I like dealing with the barriers every day, finding out what’s coming in and what we can make. I learned at a very young age. Every Friday night, I went to Horn & Hardart on Cottman Avenue with my grandfather, and, every Friday night, we sat in the same table, and there were the same people and then the same waitresses. I learned then that the most important thing is the consistency, and people don’t necessarily go for the quality, but consistency is the most important. It could be consistently bad, but they know what to expect, and they still go. I would sit there, and my grandfather would have his roll and butter and his coffee. … One time, I’d have tapioca. Another time, I’d have a blueberry pie. I learned that some people like consistency, and some people like different all the time. That’s how I’ve modeled my career. I kind of keep my menus consistent but always offer lots of specials, always different stuff … not only to keep the customer engaged, but also to keep the employees fresh. They want to see new things and learn things and different things. They don’t necessarily want to see the same thing, year in and year out. It gets boring.

Compare the restaurant business then and now.

You’ve always heard that there’s turnover in the restaurant business, and I’ve always contended, right from the beginning, that it was turnover because we did a lousy job at retention and training, training and retention. I don’t think much has changed, but you have to do just a really good job at training people. I was always successful at keeping people around. I didn’t have a lot of turnover for a long, long time, and it’s because I empathized with them. I knew what they want at life, what was important to them. I made it fit for them. I didn’t bust their [humps]. I didn’t say, “You have to come in today,” when I knew that they had to take care of their kid that day.

The only thing that has changed, really, is just there’s a lot more options to spend your money. I think the good thing is we’re seeing a trend back to smaller restaurants that specialize in small things. You’re not seeing a lot of huge menus, so the focus is just doing a good menu and focusing on that, especially in the higher end, too. When you get into the Cheesecake Factories of the world and Founding Farmers? The menu’s huge, and it’s average because the menu is just too big. They’re trying to please everybody. Shrink the menu down, get it right.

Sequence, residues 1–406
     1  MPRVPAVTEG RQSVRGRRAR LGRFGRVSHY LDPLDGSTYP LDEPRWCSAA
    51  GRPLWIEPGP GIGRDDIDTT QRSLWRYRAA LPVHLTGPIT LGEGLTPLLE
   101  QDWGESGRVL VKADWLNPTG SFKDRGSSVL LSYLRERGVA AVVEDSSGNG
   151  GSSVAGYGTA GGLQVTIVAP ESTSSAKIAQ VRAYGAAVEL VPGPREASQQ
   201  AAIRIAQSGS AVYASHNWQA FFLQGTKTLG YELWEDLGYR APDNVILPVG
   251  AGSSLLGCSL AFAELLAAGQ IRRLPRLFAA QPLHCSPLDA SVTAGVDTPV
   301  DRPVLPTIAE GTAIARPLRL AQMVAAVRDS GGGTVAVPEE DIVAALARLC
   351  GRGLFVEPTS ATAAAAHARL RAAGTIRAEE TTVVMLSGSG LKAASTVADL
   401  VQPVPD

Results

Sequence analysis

What’s Libertine all about?

We’re hoping to be a neighborhood spot. I think, at this point in my life, I’m a little more sophisticated and, obviously, older. Sophisticated is a better word, right? My success has always been that I marketed toward myself. I drive up the street and see what’s going on in the middle of the block, and I see a younger crowd. Will we get some of that? Sure, but I don’t think we’ll be teeming with 30-somethings, and that’s OK. Listen, I don’t want to be sitting in the bar with a bunch of 25-year-olds at 1  in the morning anymore.

We’re a block from the Kimmel Center, so I expect a nice theater crowd eventually. I expect to get something from the hotel. I’m not banking on the hotel at all — that’s just the gravy. I think it’s a really strong residential neighborhood, and I think the neighborhood is looking for a place with a little city sophistication and that’s not catering to kids.

Most important, I don’t feel that I have to serve cliché food. It’s like, everywhere you go, you can get grilled salmon, you can get grilled octopus, fried calamari, avocado toast, even. We’re trying to offer something that you can’t get everywhere else. Not that we’re trying to be totally creative, but just go comfortable. It’s not too fussy. We’re not tweezer chefs.

I think I’ve always thought my job as a chef was to innovate, not imitate. Classic example: In the ’80s, you had blackened redfish, right? Everyone started doing it. Then one day, you saw it at Popeye’s. It was time to move past that.